Perhaps that's part of the reason the Phillies surprised almost everyone by going after Cliff Lee - they know if the aura around the teams fades a bit and fans no longer need to buy tickets in February for an August game (save for StubHub) the attendance in Philly could crater rapidly.
It all is tied back to a winning club these days, or at least the perception of a winning club. You were lucky to get tickets off Craigslist or StubHub for face value at Wrigley back in 2008 or early 2009. Wrigleyville was packed those seasons to watch the Cubs win. Now, with virtually no shot at contention, Wrigleyville is a ghost town. You'll still see packed crowds on weekend day games because Wrigley is such a tourist attraction, but until the team starts winning again, the weekday crowds are going to be sparse.

It's a catch 22 for me. It's cheap to see games, which is nice, but still why pay good money to watch a bad team? I can do that from my living room for free.
I haven't done a marketing survey or anything, but I think one thing teams are learning from StubHub is that there is a *huge* disparity between what the market will bear for a good game and for a bad game. For generations, teams have charged more or less the same price regardless of opponent, time of year, time of week, etc., but it turns out that people (enough people to fill a stadium, anyway) will pay through the nose to see a Yankees-Mets game or a Red Sox-anybody game, but wouldn't take tickets to a meaningless September weeknight matchup even if you paid them.

The problem, as you rightly note, Peter, is that letting the market set prices means only people with money to burn can go to good games, while those of us on budgets can only see crappy teams at crappy times. I'm not entirely sure that's a good direction to be headed in.
The Yankees have been doing the $5 days for a while now, since at least 2003. Probably even further back. They never advertised them because they'd always sell out quickly.

But the point still holds, they're selling many sections at discounts through the e-savers on Plus they made a deal with Modell's in Manhattan to sell all tickets at 50% off day of game.

Though the Yankees are interesting because they don't seem to care about the attendance drop. They've priced the stadium to where season ticket & partial season ticket holders are giving them their target revenue before a game is even played. Any walkups are gravy to them.
They still want to fill the stadium so they can sell them those $12.50 beers, though, especially since they own their own concessions. Which is, I'm sure, why they do the Modell's deal and the like.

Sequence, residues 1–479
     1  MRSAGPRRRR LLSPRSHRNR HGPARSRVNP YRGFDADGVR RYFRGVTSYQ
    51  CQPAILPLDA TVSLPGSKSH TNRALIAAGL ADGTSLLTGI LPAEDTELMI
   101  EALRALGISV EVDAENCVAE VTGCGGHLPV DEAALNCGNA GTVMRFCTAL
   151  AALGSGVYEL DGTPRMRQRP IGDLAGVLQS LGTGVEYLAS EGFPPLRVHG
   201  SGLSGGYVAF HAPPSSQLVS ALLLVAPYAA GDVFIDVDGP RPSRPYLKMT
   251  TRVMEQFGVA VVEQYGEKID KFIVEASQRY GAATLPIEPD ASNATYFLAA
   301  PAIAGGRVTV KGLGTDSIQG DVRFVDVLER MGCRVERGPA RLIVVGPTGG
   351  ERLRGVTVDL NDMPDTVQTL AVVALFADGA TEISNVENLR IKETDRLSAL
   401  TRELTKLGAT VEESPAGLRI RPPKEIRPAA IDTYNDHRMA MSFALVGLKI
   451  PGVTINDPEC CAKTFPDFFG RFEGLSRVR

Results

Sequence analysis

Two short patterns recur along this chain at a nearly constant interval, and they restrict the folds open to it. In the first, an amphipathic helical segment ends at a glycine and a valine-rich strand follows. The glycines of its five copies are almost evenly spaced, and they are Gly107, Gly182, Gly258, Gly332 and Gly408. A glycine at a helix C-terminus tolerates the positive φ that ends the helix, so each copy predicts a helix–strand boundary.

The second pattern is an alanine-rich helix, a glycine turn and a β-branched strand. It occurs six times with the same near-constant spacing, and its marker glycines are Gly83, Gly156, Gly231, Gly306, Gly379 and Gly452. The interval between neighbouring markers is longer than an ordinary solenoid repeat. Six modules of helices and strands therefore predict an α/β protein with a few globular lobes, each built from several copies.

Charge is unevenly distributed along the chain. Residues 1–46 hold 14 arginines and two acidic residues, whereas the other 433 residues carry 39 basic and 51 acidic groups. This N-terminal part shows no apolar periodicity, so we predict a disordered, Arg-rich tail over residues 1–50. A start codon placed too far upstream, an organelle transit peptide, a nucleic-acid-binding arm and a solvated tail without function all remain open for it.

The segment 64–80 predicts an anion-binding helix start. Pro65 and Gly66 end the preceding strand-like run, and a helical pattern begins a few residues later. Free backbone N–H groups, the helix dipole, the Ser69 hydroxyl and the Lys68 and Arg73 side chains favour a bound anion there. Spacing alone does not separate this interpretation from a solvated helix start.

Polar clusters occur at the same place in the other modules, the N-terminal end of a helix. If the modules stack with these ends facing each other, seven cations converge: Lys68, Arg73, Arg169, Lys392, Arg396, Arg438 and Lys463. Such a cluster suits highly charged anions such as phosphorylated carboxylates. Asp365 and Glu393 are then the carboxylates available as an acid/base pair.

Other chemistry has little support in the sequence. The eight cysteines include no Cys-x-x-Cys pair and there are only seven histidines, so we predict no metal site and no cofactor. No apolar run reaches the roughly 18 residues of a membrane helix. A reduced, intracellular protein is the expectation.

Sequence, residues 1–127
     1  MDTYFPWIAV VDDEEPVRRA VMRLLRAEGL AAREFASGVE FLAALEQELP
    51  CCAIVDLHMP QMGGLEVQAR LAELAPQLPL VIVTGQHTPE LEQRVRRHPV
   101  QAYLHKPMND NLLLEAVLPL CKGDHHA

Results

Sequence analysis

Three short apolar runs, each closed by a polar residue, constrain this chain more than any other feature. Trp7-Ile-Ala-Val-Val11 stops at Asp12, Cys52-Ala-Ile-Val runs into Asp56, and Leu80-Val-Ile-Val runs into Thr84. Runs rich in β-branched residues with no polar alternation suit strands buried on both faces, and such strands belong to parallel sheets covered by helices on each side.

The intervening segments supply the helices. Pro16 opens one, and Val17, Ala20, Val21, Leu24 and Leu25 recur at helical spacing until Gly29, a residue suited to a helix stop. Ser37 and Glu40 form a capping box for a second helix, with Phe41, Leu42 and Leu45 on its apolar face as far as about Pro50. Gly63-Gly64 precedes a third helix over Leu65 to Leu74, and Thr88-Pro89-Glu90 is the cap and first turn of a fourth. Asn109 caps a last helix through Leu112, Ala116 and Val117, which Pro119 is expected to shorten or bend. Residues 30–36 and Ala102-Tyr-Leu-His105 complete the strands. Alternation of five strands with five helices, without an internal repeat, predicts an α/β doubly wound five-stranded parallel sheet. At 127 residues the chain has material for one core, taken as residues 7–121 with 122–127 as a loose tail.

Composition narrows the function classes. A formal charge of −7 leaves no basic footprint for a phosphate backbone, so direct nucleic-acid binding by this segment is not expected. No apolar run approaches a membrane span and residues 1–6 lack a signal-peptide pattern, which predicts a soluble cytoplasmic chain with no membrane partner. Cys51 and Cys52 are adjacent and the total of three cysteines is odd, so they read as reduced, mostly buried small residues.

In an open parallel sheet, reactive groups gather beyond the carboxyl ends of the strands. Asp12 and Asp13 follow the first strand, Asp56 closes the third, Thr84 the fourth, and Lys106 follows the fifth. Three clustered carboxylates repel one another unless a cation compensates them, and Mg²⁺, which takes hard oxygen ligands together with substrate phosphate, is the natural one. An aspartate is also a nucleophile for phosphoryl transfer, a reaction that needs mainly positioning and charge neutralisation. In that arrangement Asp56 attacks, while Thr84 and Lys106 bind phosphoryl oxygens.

With gasoline at $4/gallon and rising, how many fans are willing to drive to the stadia to spend $20+ to park there?

(anyone have info on # of parking spaces around each stadium, broken out by team-owned/privately-owned)
I'll tell you why I stay away from the major-league ballpark--time. The games (which I watch every last pitch of when in attendance, come hell or high water) sometimes reach three hours and twenty minutes for a 4-3 contest. Add in having to leave for the park an hour before the game (even though I live pretty close to the Twins stadium), plus an hour after the game to battle out of the stadium and the downtown area, and I now have spent five to six hours to attend the game. On a weeknight one doesn't get home until 11:00-ish, and had to leave for the park at 6:00 for a 7:00 game.

Then I begin thinking about the parking costs and hassles, and $7.50 for someone to open and pour a 12-oz. bottle of Summit craft beer (which had to come all of eight miles from St.Paul brewery to the stadium) for me, and I say, "forget it."
Not that I think a Yankee game is cheap, but I will say that it can be done cheap. You buy a $5 ticket (or some other section being dumped on Stubhub) and take the subway back and forth ($5). The whole evening costs $10. You can bring in food from the nearby places so you don't even have to pay for the hot dogs and sodas.
It really amazes me that more marketing study has apparently NOT been done by MLB teams on this. For me, it's all pretty simple. I would go to more MLB games if they cost less, period. Most of us just cannot afford to regularly buy $30+ tickets, pay $20 to park, pay $7 for a dog and $7 more for a beer...and that's just for YOU. If I want to bring my wife and 4 kids....forget it. One MLB game a year is all the family gets as a whole.